Hazy and dangerous fumes from ongoing wildfires in Canada have engulfed the skies over much of the East Coast, prompting serious air quality alerts in over a dozen states.
Canadian officials said firefighters are scrambling to put out the blazes. So far this wildfire season, Canada has seen more than 8.7 million acres burned -- an area larger than the state of Vermont.
The large plume of hazardous wildfire smoke that moved through New York City on Wednesday drifted into the Mid-Atlantic Thursday, bringing dangerous air conditions to Philadelphia, Baltimore, and Washington, D.C.
By Thursday night, the thickest smoke will continue to spread over the Mid-Atlantic. AQI values may reach 400 in some areas. (Levels under 100 are generally considered safe.)
By Friday morning, the hazardous haze will be covering Pittsburgh and the Chesapeake Bay.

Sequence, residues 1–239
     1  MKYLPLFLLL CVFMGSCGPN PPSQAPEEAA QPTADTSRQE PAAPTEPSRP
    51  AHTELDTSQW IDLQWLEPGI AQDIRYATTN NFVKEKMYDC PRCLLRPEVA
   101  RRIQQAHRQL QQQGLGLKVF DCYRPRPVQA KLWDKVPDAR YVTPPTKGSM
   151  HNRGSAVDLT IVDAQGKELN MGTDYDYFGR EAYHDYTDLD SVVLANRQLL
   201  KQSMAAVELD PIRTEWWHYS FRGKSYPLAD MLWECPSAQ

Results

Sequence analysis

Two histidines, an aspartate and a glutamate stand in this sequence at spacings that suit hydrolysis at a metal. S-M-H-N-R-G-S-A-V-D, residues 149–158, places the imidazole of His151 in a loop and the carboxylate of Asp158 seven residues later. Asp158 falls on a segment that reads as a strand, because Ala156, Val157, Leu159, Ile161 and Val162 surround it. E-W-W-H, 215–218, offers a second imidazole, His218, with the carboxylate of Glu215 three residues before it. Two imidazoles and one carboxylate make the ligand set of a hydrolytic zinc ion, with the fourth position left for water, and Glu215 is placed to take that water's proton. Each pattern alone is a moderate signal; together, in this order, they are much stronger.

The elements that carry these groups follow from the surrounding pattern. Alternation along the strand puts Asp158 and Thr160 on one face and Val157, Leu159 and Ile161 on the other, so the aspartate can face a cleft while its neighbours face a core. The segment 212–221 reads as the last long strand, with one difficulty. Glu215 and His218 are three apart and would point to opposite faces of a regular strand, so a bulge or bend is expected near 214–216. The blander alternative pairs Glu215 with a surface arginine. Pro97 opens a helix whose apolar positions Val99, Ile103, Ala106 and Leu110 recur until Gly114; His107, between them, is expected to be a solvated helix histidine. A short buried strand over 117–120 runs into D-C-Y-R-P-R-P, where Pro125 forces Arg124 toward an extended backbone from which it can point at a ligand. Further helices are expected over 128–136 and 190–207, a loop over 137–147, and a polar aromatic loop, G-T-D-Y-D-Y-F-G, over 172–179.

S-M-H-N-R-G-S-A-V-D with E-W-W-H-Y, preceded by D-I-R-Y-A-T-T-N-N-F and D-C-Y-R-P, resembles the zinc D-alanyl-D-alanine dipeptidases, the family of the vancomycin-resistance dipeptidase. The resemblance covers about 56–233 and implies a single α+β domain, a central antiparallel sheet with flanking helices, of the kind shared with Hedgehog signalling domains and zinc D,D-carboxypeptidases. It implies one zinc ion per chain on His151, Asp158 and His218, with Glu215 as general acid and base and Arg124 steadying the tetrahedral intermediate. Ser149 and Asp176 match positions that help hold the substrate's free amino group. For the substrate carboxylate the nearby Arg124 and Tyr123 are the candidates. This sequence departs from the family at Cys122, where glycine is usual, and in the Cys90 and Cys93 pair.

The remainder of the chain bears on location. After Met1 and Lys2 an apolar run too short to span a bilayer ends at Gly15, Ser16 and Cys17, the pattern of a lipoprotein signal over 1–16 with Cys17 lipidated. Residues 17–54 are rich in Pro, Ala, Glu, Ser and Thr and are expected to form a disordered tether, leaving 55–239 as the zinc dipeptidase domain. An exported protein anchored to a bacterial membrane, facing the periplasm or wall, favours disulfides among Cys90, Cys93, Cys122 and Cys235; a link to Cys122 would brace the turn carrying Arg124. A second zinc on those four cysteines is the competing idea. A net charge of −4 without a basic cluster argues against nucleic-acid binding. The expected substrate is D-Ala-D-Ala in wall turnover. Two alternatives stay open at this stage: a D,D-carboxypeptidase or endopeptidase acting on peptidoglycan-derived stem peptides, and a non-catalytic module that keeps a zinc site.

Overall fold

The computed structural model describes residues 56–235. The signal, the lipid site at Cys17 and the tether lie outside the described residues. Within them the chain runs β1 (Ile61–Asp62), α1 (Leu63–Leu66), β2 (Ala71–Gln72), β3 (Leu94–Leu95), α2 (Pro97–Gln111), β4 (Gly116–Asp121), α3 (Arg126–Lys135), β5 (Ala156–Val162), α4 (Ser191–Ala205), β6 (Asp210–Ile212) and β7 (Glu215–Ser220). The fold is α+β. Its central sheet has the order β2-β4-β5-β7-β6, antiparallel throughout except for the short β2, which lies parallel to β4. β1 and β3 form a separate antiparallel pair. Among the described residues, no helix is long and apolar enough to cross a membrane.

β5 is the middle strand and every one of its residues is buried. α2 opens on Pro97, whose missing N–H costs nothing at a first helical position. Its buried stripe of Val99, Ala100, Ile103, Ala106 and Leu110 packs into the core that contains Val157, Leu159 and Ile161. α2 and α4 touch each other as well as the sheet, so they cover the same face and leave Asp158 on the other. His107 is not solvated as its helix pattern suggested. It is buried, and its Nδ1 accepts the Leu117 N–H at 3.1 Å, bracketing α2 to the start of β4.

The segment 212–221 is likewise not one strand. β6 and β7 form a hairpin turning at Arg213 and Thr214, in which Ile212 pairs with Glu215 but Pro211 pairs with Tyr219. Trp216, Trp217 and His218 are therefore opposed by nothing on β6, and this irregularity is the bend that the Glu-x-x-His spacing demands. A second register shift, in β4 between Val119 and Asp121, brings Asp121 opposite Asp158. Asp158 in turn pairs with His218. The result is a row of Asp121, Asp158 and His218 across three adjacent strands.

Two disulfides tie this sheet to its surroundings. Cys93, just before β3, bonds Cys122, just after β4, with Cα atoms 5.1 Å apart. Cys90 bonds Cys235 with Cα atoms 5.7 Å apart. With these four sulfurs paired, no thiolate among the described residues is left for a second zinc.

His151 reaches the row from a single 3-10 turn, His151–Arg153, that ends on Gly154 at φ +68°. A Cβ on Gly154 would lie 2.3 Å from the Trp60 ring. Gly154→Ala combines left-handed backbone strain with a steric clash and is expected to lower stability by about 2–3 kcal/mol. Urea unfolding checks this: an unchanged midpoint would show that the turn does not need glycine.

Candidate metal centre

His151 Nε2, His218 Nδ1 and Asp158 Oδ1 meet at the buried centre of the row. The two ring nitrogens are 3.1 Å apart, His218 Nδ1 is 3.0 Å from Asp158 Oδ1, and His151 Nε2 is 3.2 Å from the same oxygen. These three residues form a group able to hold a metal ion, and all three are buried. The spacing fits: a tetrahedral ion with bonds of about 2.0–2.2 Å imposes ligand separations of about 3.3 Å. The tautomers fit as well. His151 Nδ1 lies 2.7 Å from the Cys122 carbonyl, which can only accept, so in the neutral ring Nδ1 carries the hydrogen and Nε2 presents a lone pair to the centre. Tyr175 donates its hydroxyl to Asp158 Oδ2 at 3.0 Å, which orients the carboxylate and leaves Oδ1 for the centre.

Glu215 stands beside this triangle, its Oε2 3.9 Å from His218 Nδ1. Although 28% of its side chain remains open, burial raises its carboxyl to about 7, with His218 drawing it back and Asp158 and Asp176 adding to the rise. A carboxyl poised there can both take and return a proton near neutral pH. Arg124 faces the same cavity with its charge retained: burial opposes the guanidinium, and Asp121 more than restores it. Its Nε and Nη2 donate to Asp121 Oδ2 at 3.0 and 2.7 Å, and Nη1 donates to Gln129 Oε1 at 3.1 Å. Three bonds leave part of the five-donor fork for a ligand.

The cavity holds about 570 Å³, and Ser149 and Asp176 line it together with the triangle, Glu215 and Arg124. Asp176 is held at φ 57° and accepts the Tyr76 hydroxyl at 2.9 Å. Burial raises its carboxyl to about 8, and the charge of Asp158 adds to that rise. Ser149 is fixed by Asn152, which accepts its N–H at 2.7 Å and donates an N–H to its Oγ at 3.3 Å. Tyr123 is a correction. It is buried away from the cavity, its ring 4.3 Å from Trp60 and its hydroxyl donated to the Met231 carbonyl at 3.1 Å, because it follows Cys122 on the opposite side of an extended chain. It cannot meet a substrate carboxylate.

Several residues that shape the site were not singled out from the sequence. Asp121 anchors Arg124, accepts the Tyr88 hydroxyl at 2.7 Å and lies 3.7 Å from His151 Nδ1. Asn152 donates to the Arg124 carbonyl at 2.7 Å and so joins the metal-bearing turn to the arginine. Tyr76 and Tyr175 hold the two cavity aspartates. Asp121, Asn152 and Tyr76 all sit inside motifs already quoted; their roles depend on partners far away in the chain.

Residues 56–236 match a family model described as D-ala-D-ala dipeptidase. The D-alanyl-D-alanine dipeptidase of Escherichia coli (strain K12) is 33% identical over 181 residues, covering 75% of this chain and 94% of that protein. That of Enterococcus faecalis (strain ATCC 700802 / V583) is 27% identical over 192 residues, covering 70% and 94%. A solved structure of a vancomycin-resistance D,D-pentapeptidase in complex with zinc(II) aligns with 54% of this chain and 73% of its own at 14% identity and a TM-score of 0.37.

The smoke may thin out during the day on Friday with cities like New York City seeing clearer conditions by Friday evening.
Major relief will move in by Monday when a cold front sweeps across the East, washing away much of the smoke in the air.
-ABC News' Daniel Amarante
NYC extends Air Quality Health Advisory until Friday night
New York City's Air Quality Health Advisory has been extended to Friday night.
While the AQI in New York City has been dropping significantly throughout the day, as of Thursday afternoon it registered at 178, which is still considered unhealthy.
Totals were over 400 in New York City on Wednesday. Levels under 100 are generally considered safe.
NYC schools will be remote on Friday
Learning will be remote on Friday for New York City public schools.
What you need to know about the dangers of inhaling wildfire smoke
Air quality is measured by the Environmental Protection Agency’s air quality index (AQI), which ranges from 0 to 500. A higher level indicates a greater level of pollution and health concern.
Levels under 100 are generally considered safe.
Totals were over 400 in New York City on Wednesday.
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